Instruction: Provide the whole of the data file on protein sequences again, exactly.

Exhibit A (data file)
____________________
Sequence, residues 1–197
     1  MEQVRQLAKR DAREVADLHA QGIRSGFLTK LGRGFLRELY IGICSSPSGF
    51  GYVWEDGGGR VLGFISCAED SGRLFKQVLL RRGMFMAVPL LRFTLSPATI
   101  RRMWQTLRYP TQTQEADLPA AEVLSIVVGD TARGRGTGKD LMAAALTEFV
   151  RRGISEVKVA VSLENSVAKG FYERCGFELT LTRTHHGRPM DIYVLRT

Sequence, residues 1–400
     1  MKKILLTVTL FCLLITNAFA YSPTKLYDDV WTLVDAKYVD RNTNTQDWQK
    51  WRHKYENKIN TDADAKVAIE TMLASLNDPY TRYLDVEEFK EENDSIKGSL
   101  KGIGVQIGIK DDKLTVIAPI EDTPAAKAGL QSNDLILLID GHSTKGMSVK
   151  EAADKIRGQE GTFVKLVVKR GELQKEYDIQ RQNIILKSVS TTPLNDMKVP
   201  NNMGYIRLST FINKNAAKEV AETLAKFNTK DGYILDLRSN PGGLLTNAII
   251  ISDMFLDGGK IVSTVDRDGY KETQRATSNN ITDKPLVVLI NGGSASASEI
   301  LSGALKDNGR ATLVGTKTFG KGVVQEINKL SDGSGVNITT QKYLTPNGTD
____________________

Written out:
Sequence, residues 1–197
     1  MEQVRQLAKR DAREVADLHA QGIRSGFLTK LGRGFLRELY IGICSSPSGF
    51  GYVWEDGGGR VLGFISCAED SGRLFKQVLL RRGMFMAVPL LRFTLSPATI
   101  RRMWQTLRYP TQTQEADLPA AEVLSIVVGD TARGRGTGKD LMAAALTEFV
   151  RRGISEVKVA VSLENSVAKG FYERCGFELT LTRTHHGRPM DIYVLRT

Sequence, residues 1–400
     1  MKKILLTVTL FCLLITNAFA YSPTKLYDDV WTLVDAKYVD RNTNTQDWQK
    51  WRHKYENKIN TDADAKVAIE TMLASLNDPY TRYLDVEEFK EENDSIKGSL
   101  KGIGVQIGIK DDKLTVIAPI EDTPAAKAGL QSNDLILLID GHSTKGMSVK
   151  EAADKIRGQE GTFVKLVVKR GELQKEYDIQ RQNIILKSVS TTPLNDMKVP
   201  NNMGYIRLST FINKNAAKEV AETLAKFNTK DGYILDLRSN PGGLLTNAII
   251  ISDMFLDGGK IVSTVDRDGY KETQRATSNN ITDKPLVVLI NGGSASASEI
   301  LSGALKDNGR ATLVGTKTFG KGVVQEINKL SDGSGVNITT QKYLTPNGTD